Album Review: The Loom - Teeth

I've wanted to extol the virtues of this here record to y'all for quite some time now, and it makes me so very happy to finally, finally, finally be doing so. The Loom, a live favorite of mine and recipient of their very own honorary day here at Fuzzy Logic, can also make some magic happen on record. This album of theirs that finally gets to see the light, Teeth, is twangily triumphant, roughly-hewn and resplendent, and just plain ole excellent.

From the beginning, Teeth shows the many charms of The Loom in beautiful, curled-edged sepia photograph clarity. The intro to first song "With Legs" creeps along as does the misty mountain morning, the banjo plucking akin to the slow climb of the sun over the hills or the throaty crow of the rooster. Throw in some haunting, slightly dark American gothic vocals, horns with a touch of melancholy, and a rollicking, lively second half of song, and you've got one heck of an introduction not only to the record, but to the band themselves.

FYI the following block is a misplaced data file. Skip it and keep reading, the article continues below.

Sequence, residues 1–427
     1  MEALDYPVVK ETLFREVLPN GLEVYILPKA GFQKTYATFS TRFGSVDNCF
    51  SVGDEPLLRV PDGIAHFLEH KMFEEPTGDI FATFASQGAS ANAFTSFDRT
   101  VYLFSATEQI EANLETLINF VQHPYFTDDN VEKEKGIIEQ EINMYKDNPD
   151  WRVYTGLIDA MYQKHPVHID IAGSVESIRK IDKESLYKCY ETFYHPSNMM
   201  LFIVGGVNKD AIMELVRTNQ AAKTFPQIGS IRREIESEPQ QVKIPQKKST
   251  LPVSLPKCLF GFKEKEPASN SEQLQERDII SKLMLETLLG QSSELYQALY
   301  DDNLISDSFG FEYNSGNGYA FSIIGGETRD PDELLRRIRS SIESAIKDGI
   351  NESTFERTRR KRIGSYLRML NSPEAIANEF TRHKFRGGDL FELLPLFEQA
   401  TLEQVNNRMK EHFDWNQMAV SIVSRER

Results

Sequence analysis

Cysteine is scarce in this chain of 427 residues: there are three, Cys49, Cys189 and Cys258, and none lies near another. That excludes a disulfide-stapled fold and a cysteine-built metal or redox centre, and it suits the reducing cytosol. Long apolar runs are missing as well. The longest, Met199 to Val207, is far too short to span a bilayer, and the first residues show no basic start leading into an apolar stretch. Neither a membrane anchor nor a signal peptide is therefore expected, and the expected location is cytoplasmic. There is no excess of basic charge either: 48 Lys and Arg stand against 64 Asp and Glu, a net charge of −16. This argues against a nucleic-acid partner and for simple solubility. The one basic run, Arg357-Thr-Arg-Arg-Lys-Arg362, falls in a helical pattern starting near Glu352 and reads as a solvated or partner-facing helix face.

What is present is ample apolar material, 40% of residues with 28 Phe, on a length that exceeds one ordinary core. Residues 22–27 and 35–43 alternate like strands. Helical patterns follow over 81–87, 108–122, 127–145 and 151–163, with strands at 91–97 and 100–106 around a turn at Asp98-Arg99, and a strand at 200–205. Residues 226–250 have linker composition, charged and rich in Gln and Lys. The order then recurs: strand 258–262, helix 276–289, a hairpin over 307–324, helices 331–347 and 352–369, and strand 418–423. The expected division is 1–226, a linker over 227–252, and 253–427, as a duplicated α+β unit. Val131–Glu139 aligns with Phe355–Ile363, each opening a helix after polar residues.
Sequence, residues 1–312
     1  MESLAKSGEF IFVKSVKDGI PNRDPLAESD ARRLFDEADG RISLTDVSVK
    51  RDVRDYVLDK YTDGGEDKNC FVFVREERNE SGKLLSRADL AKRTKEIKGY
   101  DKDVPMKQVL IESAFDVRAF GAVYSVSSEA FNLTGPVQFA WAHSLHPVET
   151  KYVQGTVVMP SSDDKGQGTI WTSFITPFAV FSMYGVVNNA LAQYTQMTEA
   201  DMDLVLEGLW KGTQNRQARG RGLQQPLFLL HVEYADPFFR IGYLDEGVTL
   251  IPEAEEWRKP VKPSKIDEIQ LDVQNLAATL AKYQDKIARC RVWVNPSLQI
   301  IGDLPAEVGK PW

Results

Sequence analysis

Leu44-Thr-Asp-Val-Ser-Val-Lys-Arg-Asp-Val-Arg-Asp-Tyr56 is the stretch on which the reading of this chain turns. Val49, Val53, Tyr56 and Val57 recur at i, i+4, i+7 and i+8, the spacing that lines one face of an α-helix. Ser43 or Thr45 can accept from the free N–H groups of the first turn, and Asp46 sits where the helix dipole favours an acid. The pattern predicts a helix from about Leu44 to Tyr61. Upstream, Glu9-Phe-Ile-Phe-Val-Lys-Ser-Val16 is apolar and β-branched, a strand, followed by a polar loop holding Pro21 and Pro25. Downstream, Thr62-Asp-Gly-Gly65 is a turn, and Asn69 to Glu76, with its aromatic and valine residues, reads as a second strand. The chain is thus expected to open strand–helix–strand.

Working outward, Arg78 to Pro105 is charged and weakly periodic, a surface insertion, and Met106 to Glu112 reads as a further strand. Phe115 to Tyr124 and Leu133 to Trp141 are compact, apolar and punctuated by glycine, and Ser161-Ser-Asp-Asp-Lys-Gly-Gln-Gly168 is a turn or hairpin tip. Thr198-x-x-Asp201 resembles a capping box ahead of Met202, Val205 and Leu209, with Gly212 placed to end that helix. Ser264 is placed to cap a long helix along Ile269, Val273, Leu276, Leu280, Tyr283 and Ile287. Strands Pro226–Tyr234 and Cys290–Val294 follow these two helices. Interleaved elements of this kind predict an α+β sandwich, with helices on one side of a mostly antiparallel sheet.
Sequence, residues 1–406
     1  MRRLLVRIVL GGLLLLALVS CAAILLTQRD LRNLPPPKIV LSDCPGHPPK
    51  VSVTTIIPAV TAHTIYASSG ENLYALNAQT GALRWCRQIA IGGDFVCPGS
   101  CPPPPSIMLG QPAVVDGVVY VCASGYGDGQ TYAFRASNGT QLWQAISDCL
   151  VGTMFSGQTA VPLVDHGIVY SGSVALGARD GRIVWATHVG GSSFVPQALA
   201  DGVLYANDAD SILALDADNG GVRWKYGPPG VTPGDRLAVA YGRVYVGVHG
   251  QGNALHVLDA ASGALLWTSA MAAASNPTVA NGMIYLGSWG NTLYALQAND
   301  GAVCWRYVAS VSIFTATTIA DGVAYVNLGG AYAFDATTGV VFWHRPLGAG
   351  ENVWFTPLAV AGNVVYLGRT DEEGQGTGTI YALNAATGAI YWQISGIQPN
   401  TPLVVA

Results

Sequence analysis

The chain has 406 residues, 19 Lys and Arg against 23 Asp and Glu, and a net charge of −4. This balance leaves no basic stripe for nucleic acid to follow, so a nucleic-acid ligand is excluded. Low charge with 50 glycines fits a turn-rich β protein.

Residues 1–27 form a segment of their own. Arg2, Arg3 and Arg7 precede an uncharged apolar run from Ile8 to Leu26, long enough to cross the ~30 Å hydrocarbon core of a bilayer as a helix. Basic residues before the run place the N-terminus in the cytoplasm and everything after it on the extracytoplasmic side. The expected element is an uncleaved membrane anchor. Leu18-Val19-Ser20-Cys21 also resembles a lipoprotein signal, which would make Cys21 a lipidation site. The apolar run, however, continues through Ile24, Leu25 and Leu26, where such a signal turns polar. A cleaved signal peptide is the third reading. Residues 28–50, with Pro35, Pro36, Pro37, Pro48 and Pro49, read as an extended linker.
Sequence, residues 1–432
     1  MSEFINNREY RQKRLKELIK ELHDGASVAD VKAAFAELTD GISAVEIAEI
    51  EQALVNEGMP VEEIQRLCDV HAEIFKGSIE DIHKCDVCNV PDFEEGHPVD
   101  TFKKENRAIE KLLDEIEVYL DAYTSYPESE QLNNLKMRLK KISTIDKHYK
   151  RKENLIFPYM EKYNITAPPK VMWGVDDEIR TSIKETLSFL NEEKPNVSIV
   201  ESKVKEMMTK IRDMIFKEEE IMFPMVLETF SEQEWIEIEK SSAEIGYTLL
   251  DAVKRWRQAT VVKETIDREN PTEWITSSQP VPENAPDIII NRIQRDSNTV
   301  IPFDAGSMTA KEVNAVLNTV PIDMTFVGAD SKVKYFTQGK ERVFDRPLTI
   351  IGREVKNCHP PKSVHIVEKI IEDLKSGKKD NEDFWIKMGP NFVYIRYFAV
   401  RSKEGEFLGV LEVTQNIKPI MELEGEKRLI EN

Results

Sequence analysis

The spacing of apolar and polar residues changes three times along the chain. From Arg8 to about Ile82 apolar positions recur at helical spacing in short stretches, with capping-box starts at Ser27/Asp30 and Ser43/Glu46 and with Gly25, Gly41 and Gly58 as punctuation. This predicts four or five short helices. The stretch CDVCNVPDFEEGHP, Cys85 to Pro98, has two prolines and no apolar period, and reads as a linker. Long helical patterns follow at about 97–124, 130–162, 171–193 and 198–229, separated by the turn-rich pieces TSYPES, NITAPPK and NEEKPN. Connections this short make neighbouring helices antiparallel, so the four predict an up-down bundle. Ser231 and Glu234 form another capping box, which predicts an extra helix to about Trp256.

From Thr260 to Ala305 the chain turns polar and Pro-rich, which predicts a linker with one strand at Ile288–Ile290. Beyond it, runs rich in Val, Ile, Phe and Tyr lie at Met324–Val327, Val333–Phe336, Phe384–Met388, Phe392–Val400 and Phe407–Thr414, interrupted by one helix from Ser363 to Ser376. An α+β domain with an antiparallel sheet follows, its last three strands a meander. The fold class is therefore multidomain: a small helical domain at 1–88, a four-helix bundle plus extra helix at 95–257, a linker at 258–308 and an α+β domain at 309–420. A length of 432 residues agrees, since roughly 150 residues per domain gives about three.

I've talked about "Helen" before, but she warrants another nod here. The song really epitomizes The Loom's urban rustic vibe, lively yet somehow blessed with a touch of the pastoral. John Fanning has a voice perfectly-equipped to spin traditional country yarns, all moonshine strong and rich but possessed of an almost Everyman quality. His lady counterpart, Sarah Renfro, for her part is the perfect foil to Fanning, her voice too being dark, rich, and plaintively enchanting.

"The Curtain Calls" is a song I always enjoy hearing live, and on record it's a favorite as well. In tone it sounds a little sunnier than some of Teeth's songs, full of lively strains and lovely vocals. It's quite stirring that one, really gets the blood pumping. By contrast, "The First Freeze," which immediately follows "The Curtain Calls," is the late Fall to the first blush of Spring to its predecessor. It aches of the wistful whispers of bare branches and the loneliness of cold, deep blue twilights.

I've had this record for many months now, and my affection for it continues to grow. It is, friends, genuinely good music made by wonderfully genuine music. Teeth is a great record, and I sincerely hope you love it as much as I do.

mp3: The First Freeze (The Loom from Teeth)


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